Video Conference Interview for Success

Video conferencing is now commonly used by multinationals to conduct interviews and source the best talent from all over the world. The interviewers get the advantage of sitting in the interview remotely and the candidate gets the opportunity to impress a number of people without traveling.

The experience is, however, slightly different from an in-person interview. There are no firm handshakes to help you make a good impression and there is so much that can go wrong.

Here is a brief guide to help you prepare for an impressive video conference.

Test Equipment

This is a basic requirement, but often neglected by many candidates. If you don’t do a trial run with your own equipment there is always a prevailing possibility of technical failure during the session. These glitches set the worst kind of impression and the interviewer would perceive it as lack of preparation.


The backdrop of your frame should be preferably plain. Distracting backgrounds with too much clutter should be avoided as they shift the interviewers focus away from you. The lighting should be adequate and placed above the camera to reduce the shadowing effect.

Your own appearance also counts just as much as it does for a face-to-face interview. Try to dress in the same way. Although most interviews do not require the applicant to walk around, but if you have to point to or grab something in the background, make sure you are dressed appropriately.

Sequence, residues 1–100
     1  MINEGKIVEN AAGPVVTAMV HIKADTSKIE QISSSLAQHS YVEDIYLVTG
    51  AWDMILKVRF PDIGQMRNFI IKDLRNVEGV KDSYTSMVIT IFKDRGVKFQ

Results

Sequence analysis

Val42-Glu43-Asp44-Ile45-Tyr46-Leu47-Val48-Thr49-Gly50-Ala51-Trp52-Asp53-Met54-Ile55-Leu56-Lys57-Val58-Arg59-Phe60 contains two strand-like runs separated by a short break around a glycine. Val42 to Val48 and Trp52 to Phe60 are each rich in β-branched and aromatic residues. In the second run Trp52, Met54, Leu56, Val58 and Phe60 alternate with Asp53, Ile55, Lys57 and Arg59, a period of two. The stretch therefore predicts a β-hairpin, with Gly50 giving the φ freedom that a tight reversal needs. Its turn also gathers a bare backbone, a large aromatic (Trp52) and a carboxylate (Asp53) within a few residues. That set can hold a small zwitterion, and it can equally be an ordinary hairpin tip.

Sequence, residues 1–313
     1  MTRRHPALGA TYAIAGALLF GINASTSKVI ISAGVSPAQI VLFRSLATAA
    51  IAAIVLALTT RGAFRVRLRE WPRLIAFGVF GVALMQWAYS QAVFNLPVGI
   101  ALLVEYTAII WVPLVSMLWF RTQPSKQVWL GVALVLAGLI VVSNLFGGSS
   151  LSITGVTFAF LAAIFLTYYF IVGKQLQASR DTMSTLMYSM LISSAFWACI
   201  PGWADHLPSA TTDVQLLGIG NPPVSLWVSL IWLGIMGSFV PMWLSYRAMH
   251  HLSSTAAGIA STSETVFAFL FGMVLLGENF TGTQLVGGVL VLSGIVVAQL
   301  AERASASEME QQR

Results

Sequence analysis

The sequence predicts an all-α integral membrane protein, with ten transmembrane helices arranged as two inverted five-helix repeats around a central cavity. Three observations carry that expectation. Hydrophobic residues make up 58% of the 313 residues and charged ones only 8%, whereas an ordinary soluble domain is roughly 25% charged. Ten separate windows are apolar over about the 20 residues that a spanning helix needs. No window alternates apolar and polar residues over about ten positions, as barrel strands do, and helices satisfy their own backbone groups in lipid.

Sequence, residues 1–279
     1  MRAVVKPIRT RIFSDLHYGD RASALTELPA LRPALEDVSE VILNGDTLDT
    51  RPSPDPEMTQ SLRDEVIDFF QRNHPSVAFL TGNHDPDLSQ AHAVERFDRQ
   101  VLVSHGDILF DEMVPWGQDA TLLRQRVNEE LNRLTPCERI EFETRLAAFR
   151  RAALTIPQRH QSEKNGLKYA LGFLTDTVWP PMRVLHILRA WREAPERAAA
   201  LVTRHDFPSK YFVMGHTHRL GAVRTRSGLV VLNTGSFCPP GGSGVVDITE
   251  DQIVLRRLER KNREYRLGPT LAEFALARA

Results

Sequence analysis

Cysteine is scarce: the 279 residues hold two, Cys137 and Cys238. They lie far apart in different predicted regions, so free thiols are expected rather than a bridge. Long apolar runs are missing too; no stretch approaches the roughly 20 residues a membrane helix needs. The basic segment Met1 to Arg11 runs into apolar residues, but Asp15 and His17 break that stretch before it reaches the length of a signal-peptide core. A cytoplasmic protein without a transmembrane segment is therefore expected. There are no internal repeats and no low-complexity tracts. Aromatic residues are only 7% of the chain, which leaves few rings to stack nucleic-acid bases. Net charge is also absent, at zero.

During the Interview

Make sure there is no distraction in your surroundings and the atmosphere is calm and quiet. Your phone should be on silent mode throughout the session and try not to text or take calls during the interview.

When it comes to your body language, don’t make a lot of gestures during the video interview. Rather, use physical cues subtly and at calculated moments. You don’t want the video to stutter while you are moving your hand in a sweeping motion (lag-time).

You should be sitting with your back straight and paying attention to the interviewer. Sit as though you were sitting in front of the interviewer.

Eye contact on video interviews is tricky. Instead of looking at the screen and into the interviewer’s eyes you would be looking into the camera. Positioning the camera at the top of the screen allows you to look at both the interviewer and the camera at the same time. Test this aspect during your trial run as well.

Don’t tap your pen or shuffle around with papers excessively. The microphone would pick those sounds and the voice clarity would be hampered.

Tips To-Go

The employers are looking for a presentable candidate who answers their questions with confidence. During the video interview, you have a distinct advantage of observing your body language in real-time and making sure you are not making amateur mistakes.

The best device to handle your video interviews is a desktop or a laptop, however, if you don’t have access to them then try using a holder for your tablets/phones. In case all you have is a phone, then make sure all the other elements are well considered such as your location, surroundings and choice of dress.

When using a phone/tablet, it is considered a good thing to apologize to the interviewer and briefly (professionally) explain why you are using a phone. This clears the air and the interview can proceed without any undue disadvantages to you.

In the end, remember that it’s just an interview and the questions they ask will probably be the same as they would have been in a face-to-face interview. Prepare well, stay confident and best of luck securing your dream job!